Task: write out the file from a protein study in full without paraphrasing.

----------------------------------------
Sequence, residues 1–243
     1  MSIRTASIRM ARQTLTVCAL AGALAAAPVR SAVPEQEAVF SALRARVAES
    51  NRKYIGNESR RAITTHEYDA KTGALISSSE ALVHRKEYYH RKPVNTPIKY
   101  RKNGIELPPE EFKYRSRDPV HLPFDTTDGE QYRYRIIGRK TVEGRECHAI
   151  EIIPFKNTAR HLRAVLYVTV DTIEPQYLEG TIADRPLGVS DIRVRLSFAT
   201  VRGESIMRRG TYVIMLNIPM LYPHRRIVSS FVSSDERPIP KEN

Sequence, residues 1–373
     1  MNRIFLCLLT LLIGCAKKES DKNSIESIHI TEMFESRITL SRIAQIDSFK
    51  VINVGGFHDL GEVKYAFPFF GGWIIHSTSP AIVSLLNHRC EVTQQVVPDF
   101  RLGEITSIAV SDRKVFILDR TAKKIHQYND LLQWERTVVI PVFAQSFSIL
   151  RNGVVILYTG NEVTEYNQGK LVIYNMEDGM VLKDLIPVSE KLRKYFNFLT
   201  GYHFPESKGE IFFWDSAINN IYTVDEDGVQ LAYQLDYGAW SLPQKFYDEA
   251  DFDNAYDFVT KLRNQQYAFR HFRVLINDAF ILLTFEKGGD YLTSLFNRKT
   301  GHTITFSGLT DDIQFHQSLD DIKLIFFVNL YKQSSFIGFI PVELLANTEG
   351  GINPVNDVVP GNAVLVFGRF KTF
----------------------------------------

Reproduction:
Sequence, residues 1–243
     1  MSIRTASIRM ARQTLTVCAL AGALAAAPVR SAVPEQEAVF SALRARVAES
    51  NRKYIGNESR RAITTHEYDA KTGALISSSE ALVHRKEYYH RKPVNTPIKY
   101  RKNGIELPPE EFKYRSRDPV HLPFDTTDGE QYRYRIIGRK TVEGRECHAI
   151  EIIPFKNTAR HLRAVLYVTV DTIEPQYLEG TIADRPLGVS DIRVRLSFAT
   201  VRGESIMRRG TYVIMLNIPM LYPHRRIVSS FVSSDERPIP KEN

Sequence, residues 1–373
     1  MNRIFLCLLT LLIGCAKKES DKNSIESIHI TEMFESRITL SRIAQIDSFK
    51  VINVGGFHDL GEVKYAFPFF GGWIIHSTSP AIVSLLNHRC EVTQQVVPDF
   101  RLGEITSIAV SDRKVFILDR TAKKIHQYND LLQWERTVVI PVFAQSFSIL
   151  RNGVVILYTG NEVTEYNQGK LVIYNMEDGM VLKDLIPVSE KLRKYFNFLT
   201  GYHFPESKGE IFFWDSAINN IYTVDEDGVQ LAYQLDYGAW SLPQKFYDEA
   251  DFDNAYDFVT KLRNQQYAFR HFRVLINDAF ILLTFEKGGD YLTSLFNRKT
   301  GHTITFSGLT DDIQFHQSLD DIKLIFFVNL YKQSSFIGFI PVELLANTEG
   351  GINPVNDVVP GNAVLVFGRF KTF